Urgewalt der Musik

Am 19. Februar 1997 meldete der San Francisco Chronicle:
»PULITZER PRIZE-winning playwright Tony Kushner has been named librettist for ›Saint Cecilia‹, the work with music by Bobby McFerrin [Don’t worry, be happy] that the San Francisco Opera will premiere Nov. 2, 1999, at the War Memorial Opera House. Conducted by music director Donald Runnicles, the opera will be performed seven times in the regular subscription season. […] Kushner, who won the 1993 Pulitzer for his epic ›Angels in America‹, will base his libretto on ›Saint Cecilia, or The Power of Music‹, a story by the late 18th century German author, Heinrich von Kleist. This will be his first opera. […] McFerrin ventured this will be an experiment for him, too. ›I’ve never worked in this form before. The longest piece I’ve written was for cello and voice for the San Francisco Symphony and it ran 15 to 20 minutes.‹ The composer said that ›Saint Cecilia‹ will be heavy on solo voices and chorus and that he may leave the orchestration to other hands. ›When I read the Kleist story, I heard many different kinds of music.‹ There will be an improvisatory element in the score, noted McFerrin. ›I believe that some music can be taught only orally. The opera will be different every time‹«. http://www.sfgate.com/style/article/Kushner-named-Cecilia-librettist-3135830.php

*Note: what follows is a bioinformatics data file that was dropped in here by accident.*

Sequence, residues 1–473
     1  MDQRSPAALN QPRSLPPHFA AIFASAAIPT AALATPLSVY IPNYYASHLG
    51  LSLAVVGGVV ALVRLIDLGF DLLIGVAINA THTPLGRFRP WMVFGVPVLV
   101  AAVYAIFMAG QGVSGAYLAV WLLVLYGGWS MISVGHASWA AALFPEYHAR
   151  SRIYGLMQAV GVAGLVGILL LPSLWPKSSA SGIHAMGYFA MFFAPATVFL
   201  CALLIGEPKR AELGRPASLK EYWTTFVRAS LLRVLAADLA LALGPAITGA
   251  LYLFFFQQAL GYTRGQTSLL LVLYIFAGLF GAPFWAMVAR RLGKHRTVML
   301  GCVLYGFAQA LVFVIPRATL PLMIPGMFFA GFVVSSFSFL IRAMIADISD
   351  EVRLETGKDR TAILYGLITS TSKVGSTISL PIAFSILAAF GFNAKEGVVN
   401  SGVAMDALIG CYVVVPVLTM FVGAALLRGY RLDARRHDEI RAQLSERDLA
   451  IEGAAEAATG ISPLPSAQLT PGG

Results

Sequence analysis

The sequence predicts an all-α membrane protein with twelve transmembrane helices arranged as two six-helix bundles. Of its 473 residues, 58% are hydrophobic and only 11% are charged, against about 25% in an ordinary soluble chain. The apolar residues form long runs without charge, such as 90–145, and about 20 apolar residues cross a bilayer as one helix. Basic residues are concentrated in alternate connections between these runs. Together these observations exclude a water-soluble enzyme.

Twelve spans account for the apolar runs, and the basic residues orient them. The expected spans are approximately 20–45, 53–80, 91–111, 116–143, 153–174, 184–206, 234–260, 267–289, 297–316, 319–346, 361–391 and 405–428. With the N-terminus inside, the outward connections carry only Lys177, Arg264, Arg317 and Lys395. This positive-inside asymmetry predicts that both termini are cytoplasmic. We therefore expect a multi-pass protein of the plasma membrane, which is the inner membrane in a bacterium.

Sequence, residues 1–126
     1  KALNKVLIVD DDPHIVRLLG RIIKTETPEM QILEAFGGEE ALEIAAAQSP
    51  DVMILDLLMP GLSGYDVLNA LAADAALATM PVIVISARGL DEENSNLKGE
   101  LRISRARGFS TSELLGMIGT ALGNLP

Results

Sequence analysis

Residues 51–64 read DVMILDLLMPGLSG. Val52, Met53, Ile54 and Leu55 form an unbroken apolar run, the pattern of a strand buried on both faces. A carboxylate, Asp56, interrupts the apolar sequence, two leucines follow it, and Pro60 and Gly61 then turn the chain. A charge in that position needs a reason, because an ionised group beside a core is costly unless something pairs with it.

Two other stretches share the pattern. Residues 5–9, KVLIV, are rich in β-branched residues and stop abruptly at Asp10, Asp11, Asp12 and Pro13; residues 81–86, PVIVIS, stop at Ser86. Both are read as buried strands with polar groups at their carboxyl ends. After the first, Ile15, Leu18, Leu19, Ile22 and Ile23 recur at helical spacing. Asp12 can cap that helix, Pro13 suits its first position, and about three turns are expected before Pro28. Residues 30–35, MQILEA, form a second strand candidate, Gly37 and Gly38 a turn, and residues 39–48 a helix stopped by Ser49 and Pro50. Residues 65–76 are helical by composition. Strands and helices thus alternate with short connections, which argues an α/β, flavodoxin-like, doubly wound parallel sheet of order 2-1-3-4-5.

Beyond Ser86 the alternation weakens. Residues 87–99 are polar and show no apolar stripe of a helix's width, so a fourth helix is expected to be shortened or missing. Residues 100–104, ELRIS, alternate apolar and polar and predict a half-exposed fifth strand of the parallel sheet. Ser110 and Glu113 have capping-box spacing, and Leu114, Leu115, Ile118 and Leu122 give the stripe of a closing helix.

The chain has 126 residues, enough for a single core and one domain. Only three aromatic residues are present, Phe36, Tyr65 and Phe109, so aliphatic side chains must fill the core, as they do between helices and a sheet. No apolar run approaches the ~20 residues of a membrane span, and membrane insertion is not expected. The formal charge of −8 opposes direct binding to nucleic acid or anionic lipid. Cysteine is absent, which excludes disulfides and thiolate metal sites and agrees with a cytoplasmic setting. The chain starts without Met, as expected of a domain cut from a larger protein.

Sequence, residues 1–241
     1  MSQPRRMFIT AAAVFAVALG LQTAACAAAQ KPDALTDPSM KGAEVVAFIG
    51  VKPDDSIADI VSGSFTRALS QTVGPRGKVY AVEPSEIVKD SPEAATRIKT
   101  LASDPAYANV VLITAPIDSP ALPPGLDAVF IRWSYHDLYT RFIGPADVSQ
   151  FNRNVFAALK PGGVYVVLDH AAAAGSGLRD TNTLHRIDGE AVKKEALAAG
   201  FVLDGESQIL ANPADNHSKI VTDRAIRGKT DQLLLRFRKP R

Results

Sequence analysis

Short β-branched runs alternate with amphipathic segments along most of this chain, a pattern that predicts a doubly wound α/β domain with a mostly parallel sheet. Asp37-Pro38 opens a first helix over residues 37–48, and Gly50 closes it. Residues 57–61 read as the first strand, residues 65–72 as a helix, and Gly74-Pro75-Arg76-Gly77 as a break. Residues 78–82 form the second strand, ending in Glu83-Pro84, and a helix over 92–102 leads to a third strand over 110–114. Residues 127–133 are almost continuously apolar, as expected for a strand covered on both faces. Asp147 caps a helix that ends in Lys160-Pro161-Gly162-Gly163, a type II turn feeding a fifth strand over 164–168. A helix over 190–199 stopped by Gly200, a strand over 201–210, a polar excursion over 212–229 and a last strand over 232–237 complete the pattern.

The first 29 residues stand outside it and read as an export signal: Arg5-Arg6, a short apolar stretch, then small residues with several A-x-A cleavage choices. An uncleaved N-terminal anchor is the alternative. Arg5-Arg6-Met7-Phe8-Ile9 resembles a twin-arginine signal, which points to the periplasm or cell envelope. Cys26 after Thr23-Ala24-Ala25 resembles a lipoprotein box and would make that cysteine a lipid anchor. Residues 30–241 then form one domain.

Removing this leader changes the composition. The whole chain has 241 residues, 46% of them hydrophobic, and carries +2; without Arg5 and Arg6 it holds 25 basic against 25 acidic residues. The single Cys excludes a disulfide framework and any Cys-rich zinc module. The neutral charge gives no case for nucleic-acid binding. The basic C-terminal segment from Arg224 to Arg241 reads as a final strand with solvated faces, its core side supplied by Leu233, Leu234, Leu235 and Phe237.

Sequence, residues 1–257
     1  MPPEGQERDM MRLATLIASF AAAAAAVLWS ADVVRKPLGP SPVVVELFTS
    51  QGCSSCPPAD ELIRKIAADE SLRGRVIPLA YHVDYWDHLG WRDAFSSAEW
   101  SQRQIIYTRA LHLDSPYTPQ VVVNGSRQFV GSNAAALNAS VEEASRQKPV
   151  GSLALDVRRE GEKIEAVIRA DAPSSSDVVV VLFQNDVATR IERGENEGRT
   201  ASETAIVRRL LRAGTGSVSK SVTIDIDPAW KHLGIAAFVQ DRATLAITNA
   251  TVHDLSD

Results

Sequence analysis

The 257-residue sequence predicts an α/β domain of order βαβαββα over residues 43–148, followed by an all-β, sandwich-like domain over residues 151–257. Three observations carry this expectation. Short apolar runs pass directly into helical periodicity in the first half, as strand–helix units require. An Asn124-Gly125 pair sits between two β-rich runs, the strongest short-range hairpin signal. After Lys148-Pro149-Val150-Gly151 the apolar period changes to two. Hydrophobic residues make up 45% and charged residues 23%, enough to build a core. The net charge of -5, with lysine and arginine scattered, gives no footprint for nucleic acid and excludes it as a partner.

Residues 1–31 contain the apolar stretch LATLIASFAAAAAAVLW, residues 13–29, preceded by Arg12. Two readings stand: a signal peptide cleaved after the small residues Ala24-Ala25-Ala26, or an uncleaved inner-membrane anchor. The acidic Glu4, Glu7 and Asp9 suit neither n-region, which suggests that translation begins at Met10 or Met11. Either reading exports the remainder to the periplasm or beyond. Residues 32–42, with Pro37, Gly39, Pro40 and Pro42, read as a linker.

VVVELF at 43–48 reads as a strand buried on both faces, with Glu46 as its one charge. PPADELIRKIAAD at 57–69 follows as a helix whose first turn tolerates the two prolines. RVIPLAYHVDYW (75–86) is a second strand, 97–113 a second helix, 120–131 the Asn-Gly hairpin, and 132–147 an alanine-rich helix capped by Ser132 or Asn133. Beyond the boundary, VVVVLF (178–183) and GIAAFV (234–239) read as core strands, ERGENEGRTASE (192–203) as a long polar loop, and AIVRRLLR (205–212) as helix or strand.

Die Oper kam nicht zustande. »Saint Cecilia, sadly, remains a great ›what if‹«, schreibt Lotfi Mansouri, seinerzeit Generaldirektor der San Francisco Opera, in seinen Erinnerungen True Tales from the Mad, Mad, Mad World of Opera (Toronto 2012), S. 129f.: http://tinyurl.com/a3g4kw6

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